In the last blog, we discussed the differences between a product and technology, and why that’s important in the context of product development. To have a product that is manufacturable, it’s vital to understand and determine a number of key factors.
We used an analogy of cooking a meal; if you know what the meal will consist of (the end goal or product and its specifications/requirements), have all the ingredients (the various parts or subsystems that make up the product, mostly off the shelf), the recipe (a manufacturing process that can manufacture your product according to your requirements/specifications), then you’re well on your way to having something that will be a product. You can then develop a plan that includes a timeline and fairly accurate costs for what it will take to design this product to be manufacturable, and the associated cost.
Today’s blog includes a checklist which you can use to determine if your work is closer to a technology or a product. Note that this is not an exact science, nor is it meant to be a definitive analysis to determine where you are on the curve. It will also provide you with some insight into the types of questions a product development firm such as Acorn will (should) ask during initial project scoping discussions. As such, there are no right or wrong answers, but having this information available during the scoping discussions will help eliminate down-the-road issues and potentially save you considerable time and money.
Also note that the checklist below is looking at this purely from a manufacturability perspective – there are many other questions around marketing, sales/channels strategy, support, and (most important) understanding customer needs/requirements, etc. that also need to be considered in order to be successful with your product. If you haven’t already, developing a marketing or product requirements document will help you answer many of these questions.
You’ll notice there are several main areas of focus (others are included in the checklist but not mentioned here):
□Can your product be operated effectively and efficiently by the target customer? Ensuring your product can be used given the skills, environment, etc. by your typical user
□Are the product operational steps and technology process limits well understood? Knowing how to operate your product as well as how well it works over the range of environment conditions it will be subjected to
□Is the technology driving the product consistent and repeatable? Understanding the variability and stability of the underlying technologies of the product
□Can the technology/product work over the operating environmental range? Understanding what your customer’s operational range requirements are so that you can design for that or determine that it is an issue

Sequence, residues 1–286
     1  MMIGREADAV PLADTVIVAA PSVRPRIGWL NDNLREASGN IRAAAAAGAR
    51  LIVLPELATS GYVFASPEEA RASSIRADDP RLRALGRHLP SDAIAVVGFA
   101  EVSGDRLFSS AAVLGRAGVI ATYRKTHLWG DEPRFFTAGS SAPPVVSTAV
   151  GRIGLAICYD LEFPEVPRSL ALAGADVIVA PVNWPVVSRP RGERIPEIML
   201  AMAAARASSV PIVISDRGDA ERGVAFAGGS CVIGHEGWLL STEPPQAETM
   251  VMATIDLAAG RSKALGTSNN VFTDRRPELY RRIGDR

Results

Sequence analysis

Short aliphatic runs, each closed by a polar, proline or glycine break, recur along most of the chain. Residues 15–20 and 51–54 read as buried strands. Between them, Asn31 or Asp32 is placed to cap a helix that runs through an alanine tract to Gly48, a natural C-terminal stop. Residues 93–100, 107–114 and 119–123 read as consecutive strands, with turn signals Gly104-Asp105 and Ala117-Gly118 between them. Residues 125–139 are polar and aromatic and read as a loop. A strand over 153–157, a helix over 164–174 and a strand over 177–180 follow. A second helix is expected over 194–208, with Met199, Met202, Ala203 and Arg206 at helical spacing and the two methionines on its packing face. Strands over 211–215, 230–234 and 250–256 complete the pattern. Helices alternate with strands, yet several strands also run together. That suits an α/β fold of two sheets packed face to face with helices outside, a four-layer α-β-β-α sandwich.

□Is the technology/product consistent with current and upcoming regulatory requirements? Things such as EMI, other types of emissions, potential OSHA safety requirements, UL, etc.
□Can the product be operated in the target environment without negatively interfering with other elements in the environment? Beyond potential regulatory compliance, making sure to understand other potential impacts of the product.
□Can the product be operated safely? What is required for safe operation?
□Can the product be manufactured at acceptable cost? Understanding your target manufacturing cost is critical to business success
□Can the product be built via commercial manufacturing processes within standard production variances? Will new/custom processes or overly tight manufacturing controls be required?
□Will the materials/components be available over product life cycle, or is there a clear path to migration to newer components? An analysis of the critical components for potential end of life issues, along with general availability of components. Planning for potential substitutions
□Does a supply and distribution chain exist to market the products? You could manufacture a product but how are you going to get it into your customer’s hands?
□Does a clear and stable product definition exist?Engineers design to a set of requirements and specifications.
□Does the product infringe on existing IP? Potential IP infringement with no clear path to work arounds is a virtual show stopper
It’s fine if the answers to some of these questions are “it depends”, or TBD – just understand they will likely need to be addressed in order to have a manufacturable product.
Having a good grasp on the questions above will help you both internally and when discussing with potential engineering and manufacturing partners.
Ken Haven has been CEO of Acorn Product Development since the company’s founding in 1993. Ken has more than 25 years of product development experience including technical leadership roles with NeXT Computer, Attain, Inc., and Hewlett-Packard. He holds MS and BS degrees in mechanical engineering from Cornell University.